How Nate Peterman earned the starting QB job


There is a lot that head coach Sean McDermott demands of his players. A commitment to the process, dedication to the task at hand and always striving to improve one's game. However, the overriding principle for all of those things is something McDermott covets in his players more than anything else. 


And when it came to consistency, day in and day out, no one embodied that more Nate Peterman. 

That's why McDermott made the announcement six days before the season opener that the second-year quarterback would be his starter against Baltimore on Sunday.

Peterman was the most consistent quarterback in the spring during OTA and minicamp practices, and he was by far the most consistent quarterback in training camp and the preseason.

In his three preseason appearances alone, Peterman far outpaced the field of AJ McCarron, since traded to Oakland, and rookie Josh Allen.

In his first outing with the starting unit in the first preseason game, Peterman was 9-10 passing for 118 yards with a touchdown and an interception. He followed that up with an 8-10 passing performance for 113 yards and a touchdown working with the third string in Cleveland.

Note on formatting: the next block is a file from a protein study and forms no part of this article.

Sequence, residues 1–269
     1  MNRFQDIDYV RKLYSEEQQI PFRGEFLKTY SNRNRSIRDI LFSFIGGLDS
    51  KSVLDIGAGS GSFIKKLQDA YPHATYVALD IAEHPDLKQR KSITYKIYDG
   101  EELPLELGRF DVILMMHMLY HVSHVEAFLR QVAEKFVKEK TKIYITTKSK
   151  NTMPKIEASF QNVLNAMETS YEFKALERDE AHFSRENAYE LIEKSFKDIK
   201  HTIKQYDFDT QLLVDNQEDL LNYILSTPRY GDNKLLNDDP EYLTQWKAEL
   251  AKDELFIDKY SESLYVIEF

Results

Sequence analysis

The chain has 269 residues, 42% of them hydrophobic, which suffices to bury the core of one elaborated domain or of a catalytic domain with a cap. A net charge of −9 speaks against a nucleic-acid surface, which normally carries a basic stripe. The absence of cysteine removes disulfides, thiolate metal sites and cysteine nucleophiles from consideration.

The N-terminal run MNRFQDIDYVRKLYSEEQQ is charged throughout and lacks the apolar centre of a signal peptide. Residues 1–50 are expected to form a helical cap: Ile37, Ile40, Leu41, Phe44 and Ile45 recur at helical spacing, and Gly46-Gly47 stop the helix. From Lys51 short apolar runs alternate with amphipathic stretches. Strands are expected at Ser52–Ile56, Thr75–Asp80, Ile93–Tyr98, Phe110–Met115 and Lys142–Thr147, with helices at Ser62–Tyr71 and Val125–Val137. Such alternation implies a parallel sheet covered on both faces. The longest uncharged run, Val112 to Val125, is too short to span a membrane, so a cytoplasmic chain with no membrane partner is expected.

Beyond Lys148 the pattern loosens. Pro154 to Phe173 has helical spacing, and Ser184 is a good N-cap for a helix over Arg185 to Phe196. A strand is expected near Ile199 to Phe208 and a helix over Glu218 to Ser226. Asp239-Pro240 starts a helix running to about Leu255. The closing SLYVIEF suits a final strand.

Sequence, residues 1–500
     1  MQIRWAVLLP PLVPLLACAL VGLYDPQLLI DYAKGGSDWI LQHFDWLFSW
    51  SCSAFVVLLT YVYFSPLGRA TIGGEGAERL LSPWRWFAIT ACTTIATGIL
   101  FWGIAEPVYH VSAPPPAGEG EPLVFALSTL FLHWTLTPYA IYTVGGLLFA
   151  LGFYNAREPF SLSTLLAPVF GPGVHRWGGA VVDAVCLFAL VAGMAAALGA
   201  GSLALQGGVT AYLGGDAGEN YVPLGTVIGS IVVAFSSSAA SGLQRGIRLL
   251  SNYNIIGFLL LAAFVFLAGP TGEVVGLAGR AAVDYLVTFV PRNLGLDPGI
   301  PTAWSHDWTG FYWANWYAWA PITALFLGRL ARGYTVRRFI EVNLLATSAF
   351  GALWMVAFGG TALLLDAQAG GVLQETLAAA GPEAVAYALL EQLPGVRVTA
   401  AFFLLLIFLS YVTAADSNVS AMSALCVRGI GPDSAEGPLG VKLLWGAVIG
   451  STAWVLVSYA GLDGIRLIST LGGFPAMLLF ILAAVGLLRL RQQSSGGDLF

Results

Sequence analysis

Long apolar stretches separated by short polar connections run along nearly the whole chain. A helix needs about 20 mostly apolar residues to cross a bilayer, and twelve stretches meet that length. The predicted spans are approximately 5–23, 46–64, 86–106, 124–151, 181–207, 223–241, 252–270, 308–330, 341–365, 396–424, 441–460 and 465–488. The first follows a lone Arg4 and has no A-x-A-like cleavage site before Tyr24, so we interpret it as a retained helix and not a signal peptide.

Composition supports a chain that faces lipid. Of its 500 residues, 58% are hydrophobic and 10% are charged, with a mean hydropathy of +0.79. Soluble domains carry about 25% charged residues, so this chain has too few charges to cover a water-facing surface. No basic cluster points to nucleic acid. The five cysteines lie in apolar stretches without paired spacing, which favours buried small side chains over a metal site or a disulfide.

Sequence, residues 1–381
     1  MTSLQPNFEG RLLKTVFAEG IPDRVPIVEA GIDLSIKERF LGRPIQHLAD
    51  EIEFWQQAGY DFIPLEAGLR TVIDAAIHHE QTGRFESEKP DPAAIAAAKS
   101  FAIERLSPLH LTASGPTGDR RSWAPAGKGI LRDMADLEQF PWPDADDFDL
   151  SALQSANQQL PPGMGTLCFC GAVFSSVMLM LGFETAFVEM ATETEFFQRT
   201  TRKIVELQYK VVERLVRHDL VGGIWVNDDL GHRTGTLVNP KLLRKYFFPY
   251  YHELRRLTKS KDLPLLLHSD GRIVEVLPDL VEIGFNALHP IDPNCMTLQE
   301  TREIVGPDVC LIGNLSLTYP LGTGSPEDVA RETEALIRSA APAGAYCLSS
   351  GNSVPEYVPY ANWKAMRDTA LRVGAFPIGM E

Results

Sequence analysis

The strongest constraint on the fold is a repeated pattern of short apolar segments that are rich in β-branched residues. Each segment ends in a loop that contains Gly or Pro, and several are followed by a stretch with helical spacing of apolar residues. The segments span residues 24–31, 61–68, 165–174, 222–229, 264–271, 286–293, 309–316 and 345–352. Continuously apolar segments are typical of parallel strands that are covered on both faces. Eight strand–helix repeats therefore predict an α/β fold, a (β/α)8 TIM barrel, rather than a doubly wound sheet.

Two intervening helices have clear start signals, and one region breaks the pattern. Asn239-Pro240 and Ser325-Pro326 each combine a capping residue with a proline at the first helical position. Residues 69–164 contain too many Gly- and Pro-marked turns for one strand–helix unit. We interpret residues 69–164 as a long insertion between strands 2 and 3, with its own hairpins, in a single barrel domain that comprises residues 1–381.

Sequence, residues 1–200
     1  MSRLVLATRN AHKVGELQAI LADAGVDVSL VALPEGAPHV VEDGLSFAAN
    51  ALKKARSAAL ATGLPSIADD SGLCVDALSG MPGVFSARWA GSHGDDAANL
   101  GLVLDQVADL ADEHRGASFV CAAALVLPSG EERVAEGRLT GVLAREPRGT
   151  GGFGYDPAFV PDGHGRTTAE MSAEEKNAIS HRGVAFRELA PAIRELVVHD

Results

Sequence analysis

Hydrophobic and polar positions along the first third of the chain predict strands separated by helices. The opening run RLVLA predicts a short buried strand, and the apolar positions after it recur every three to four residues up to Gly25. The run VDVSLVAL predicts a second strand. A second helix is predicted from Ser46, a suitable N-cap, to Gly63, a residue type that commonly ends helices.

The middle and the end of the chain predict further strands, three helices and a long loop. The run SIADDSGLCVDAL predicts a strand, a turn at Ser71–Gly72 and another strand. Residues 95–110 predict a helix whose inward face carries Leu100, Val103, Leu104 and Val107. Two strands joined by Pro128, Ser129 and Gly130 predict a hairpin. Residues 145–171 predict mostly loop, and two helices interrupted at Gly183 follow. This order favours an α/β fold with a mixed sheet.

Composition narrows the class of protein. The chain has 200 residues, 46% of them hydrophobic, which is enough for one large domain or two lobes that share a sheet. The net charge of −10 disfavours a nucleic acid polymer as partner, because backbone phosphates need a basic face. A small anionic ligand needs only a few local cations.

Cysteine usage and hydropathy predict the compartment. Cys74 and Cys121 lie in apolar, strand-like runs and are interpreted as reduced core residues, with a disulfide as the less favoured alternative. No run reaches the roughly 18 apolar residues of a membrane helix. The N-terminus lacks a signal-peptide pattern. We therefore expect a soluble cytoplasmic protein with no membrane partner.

Then in his third and final preseason appearance, Peterman went 16-21 for 200 yards and a touchdown against Cincinnati.

By the time the preseason was over, Peterman's completion percentage was an astounding 80.5 percent. Neither Allen nor McCarron eclipsed the 55 percent threshold for completion percentage.

Perhaps most impressive about Peterman's accuracy was his ability to consistently place the ball in either an area where only his receiving target could make a play on the ball or put the ball in a spot where his target could make a play after the reception.

"I think he's been accurate. We noticed that in college as well, but he gives the guys a chance to run after the catch, which is important," said McDermott.

In addition to his rhythm passing in which he gets the ball out quickly, Peterman also demonstrated an improved ability to push the ball downfield. Peterman averaged a gaudy 10.5 yards per attempt in the preseason. A figure of eight or higher is considered very good.

Peterman also took the fewest sacks (2) among the three quarterbacks and had the highest touchdown percentage.

"When you look across all the games, including practice, he has shown that consistency, which is good to see," said McDermott late last month. "A young player just in the start of his second season who has shown some poise and some understanding of how the NFL works in terms of defensive schemes. So I've watched him grow and develop, which is good to see. Still more work to do, but I think he has been consistent, which is important at the quarterback position."